You sit, face to the glass, ears turned back, scowling,
an owl-like specter on the damp back porch.
I pat you dry with paper towels, lie stretched on the rug;
you put your icy pink pads on my cheek,
toes clenching my skin like anemones.
I wear an unhealed divot on the bridge of my nose
where you’ve kissed me each day with a nip.
I feed you sweet milk from my cereal spoon;
you bring me an almost-dead rat.
(I must bash in its skull with a big piece of board,
heave it into the woodpile and sob.)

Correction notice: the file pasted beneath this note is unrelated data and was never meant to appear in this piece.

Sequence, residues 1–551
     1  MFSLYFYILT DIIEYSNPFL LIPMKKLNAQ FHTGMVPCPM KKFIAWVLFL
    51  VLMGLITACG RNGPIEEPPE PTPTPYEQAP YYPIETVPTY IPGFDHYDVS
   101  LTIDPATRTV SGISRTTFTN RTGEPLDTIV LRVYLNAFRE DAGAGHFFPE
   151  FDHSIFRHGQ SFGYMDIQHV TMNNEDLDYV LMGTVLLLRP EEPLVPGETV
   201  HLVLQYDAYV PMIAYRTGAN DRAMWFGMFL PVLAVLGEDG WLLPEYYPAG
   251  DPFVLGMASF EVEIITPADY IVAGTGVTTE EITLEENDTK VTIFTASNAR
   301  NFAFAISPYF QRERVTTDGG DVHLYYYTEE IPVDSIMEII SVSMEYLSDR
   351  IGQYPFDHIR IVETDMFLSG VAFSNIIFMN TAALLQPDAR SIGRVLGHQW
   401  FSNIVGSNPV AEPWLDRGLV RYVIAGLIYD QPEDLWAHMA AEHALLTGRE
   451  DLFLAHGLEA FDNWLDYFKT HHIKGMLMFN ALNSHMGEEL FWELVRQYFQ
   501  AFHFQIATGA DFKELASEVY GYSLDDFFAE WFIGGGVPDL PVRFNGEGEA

I sleep in a cramped, coiled knot; you snore,
curl at my feet. I smile and tiptoe as you twitch.
I save your whiskers, the milky shells of your claws;
you squint at me, paws tucked under, mouth up-curling,
orange fur in a great nimbus, smugly recalling the rain.

© 1995, Susan Littlefield

Susan Littlefield has a BA in English from University of Washington. Her poetry has been published in Bellowing Ark.